Encouragement for Those Who Work in the Church

Maria Troutman

Encouragement for Those Who Work in the Church

One of the most efficient ways of keeping ourselves sinless is to have compassion for those who fall due to frailty, and never to boast of our rightness, but with real humility to acknowledge that if we are in a state of grace, it is by the mercy of God.

-St. Philip Neri


I have never worked for the Church, but my husband does, having left the public sector to work for our diocese a few years ago. When I asked him how he would summarize his experiences working there, his response was very cheeky. “I like to think of working for the Church through the lens of the Pauline directives regarding marriage: let him who is unmarried remain unmarried. Let him who does not work for the Church remain not working for the Church.” It was certainly a tongue-in-cheek response, but his likening of marriage to employment with the Catholic Church was thought-provoking, to say the least—and I think there is much that can be expounded upon here. 

For one thing, working for the Church can often operate like a vocation, in the sense that many are seemingly called to it. I have heard several men and women who work for the Church in one capacity or another explain that they desired to work there because they felt called to serve the Church in a concrete way, using the talents that the Lord has given them. While it will not be unilaterally true that every employee at a Catholic institution was drawn there by anything other than convenience or need, working for the Church appears to be aligned with more vocational occupations, such as working in the medical field or in education. 

Furthermore, like marriage—working for the Church is often entered into joyfully and with an appropriate degree of naïveté. What bride and groom on their wedding day would not recoil at a glimpse of the sufferings that would soon come their way—the sickness, the poverty, and the pain? We all know that suffering is a reality in marriage (or else, we ought to know it), and yet, we continue to give and be given in marriage. Likewise, we ought to know that working for the Church will come with its own kind of suffering. For my husband, there has been very real spiritual suffering: he entered into his work for the Church with much naïveté about what to expect in his interactions with priests, religious, and the many lay people that help to keep our parishes afloat. In many cases, instead of finding virtue and sanctity in those around him, my husband was met with pride, anger, and a lack of charity. The stark contrast between what should be and isn’t—the virtues he expected to see in priests, religious, and lay people, versus what actually was—was disillusioning. “I can see why some people who work for the Church end up leaving it,” my husband once confided. “It’s hard to be reminded day in and day out that nobody is perfect, even the Fathers the Lord has given us.”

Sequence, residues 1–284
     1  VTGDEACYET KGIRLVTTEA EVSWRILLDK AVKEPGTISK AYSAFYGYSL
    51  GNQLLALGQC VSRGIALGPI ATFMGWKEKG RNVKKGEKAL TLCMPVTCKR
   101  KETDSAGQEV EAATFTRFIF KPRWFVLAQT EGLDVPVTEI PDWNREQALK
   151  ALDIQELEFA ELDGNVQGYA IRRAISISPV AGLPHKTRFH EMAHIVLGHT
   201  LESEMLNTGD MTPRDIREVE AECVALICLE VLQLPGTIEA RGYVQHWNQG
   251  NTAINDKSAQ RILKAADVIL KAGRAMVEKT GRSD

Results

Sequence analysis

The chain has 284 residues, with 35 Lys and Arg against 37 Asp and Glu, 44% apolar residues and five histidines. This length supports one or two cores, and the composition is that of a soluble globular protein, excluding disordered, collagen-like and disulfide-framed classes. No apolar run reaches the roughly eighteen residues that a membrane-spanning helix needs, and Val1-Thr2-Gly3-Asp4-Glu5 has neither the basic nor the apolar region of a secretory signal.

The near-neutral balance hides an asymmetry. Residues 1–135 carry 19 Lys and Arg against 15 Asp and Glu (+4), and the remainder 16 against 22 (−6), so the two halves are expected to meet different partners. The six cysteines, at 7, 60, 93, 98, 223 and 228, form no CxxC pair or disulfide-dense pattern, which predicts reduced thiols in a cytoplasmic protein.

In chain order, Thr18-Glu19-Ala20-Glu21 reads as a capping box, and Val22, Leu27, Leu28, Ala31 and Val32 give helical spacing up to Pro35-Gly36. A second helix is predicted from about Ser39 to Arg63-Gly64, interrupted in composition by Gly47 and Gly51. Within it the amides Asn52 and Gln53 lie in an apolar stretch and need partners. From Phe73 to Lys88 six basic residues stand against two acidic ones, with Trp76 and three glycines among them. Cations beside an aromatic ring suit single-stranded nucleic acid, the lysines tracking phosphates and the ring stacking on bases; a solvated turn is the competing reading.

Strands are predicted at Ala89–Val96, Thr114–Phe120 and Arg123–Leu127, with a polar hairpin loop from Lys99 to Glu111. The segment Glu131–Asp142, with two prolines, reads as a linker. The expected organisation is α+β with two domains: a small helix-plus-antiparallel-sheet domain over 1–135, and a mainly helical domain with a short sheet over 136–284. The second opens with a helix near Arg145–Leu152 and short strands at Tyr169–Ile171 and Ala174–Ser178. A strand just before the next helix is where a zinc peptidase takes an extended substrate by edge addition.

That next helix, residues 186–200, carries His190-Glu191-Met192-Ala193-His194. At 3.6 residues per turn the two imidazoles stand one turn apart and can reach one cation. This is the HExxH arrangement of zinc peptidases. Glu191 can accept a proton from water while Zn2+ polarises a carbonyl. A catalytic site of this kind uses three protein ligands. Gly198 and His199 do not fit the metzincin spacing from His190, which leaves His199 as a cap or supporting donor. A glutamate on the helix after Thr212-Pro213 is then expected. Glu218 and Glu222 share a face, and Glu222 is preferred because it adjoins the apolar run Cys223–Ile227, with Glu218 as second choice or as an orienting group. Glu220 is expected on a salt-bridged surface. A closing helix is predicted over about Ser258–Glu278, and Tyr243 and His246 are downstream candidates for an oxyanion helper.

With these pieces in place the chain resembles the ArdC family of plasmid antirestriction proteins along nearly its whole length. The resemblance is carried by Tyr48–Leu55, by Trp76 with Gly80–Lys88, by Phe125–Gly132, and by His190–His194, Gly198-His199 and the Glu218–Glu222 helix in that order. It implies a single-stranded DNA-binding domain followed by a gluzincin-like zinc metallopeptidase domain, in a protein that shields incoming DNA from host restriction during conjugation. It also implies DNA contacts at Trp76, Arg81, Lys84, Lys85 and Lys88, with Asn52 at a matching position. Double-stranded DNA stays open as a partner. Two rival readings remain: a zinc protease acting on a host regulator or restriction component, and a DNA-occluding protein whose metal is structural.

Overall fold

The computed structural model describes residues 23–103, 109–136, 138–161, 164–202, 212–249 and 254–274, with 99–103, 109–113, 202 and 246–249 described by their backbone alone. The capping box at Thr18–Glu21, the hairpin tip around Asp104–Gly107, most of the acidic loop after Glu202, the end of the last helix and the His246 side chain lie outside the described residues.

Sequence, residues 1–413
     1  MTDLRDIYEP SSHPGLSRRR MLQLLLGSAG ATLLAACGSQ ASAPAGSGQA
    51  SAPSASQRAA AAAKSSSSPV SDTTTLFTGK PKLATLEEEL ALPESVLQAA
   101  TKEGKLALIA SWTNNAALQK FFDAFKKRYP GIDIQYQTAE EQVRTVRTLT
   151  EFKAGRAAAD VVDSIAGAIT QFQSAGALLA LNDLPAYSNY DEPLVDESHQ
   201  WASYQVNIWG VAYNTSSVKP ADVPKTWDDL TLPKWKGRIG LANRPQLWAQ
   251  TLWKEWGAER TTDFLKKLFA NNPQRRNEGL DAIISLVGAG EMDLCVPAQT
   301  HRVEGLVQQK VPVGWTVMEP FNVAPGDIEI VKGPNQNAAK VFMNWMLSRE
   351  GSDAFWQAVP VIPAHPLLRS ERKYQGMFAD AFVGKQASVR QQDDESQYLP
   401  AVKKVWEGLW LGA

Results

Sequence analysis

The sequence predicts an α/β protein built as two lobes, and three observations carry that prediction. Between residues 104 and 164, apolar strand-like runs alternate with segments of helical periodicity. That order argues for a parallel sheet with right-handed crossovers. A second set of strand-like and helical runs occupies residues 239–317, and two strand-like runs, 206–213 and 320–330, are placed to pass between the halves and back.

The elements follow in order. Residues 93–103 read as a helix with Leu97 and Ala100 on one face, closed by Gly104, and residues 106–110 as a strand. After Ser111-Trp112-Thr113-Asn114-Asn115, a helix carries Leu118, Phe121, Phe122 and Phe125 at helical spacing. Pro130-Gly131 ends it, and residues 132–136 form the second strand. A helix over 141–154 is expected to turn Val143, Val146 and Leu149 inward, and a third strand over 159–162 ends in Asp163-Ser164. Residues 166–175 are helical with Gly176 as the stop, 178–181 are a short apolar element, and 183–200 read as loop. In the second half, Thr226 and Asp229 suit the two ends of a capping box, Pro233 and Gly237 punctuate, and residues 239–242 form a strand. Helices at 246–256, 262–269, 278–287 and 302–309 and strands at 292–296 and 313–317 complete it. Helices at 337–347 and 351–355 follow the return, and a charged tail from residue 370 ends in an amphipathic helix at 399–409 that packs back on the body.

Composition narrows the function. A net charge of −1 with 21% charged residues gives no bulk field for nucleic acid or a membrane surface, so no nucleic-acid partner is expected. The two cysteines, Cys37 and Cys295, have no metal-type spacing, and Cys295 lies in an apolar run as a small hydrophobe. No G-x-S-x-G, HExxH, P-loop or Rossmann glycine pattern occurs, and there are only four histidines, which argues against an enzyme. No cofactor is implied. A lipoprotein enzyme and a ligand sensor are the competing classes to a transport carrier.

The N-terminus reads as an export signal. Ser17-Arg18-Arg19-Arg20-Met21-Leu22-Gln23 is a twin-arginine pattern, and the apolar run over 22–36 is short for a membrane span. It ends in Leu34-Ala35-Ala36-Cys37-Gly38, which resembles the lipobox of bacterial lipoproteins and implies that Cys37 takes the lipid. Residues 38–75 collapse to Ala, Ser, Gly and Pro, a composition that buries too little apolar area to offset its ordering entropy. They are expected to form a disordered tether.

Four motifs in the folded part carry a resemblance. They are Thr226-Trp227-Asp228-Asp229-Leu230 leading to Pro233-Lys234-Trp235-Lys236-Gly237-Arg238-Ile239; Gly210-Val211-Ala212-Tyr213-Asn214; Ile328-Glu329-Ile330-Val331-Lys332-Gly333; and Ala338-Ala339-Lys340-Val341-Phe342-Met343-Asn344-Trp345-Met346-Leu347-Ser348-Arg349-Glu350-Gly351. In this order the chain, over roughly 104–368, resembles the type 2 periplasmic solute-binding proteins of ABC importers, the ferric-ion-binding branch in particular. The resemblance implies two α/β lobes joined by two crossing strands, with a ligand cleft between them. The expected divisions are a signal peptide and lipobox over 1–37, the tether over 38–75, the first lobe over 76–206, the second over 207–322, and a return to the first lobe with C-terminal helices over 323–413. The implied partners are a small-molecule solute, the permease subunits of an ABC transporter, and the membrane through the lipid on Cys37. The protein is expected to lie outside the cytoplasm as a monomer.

But as in marriage, working for the Church gives Catholics of goodwill the opportunity to do as St. Philip Neri taught: “to have compassion for those who fall out of frailty” and to remember that “if we are in a state of grace, it is by the mercy of God.” Marriage quickly reveals to us the faults of our spouses—but even faster is the unveiling of our own faults, which we see reflected back to us as if through a mirror. Working in close quarters with other Catholics can be a reminder that we are all called to holiness and that we all have sins for which we must ask the Lord’s forgiveness. Especially in the case of priests and religious, for whom we as lay people naturally set high standards for virtue, comportment, and charity, it is crucial to remember their frailty, and to recall that they too once approached their vocation not truly knowing the sufferings that would follow. But like my husband, who courageously accepted the cross that the Lord made for him when he took my hand in marriage, every priest and religious—out of love and an insane amount of courage—said yes to the call of the Lord. Even when they fail us, when they are frail, when they are demanding, discourteous, or distant, and when it is difficult to work with them, we can try to remember that Our Lord chose very weak, utterly unremarkable men to be His apostles, and He continues to work with the weak men of our generation to call forth saints. If those who work for the Church can learn to approach each other in charity and bear each other’s faults patiently, almost as spouses must learn to do, then working for the Church may still be challenging, but it will be fruitful and, ultimately, a path to holiness.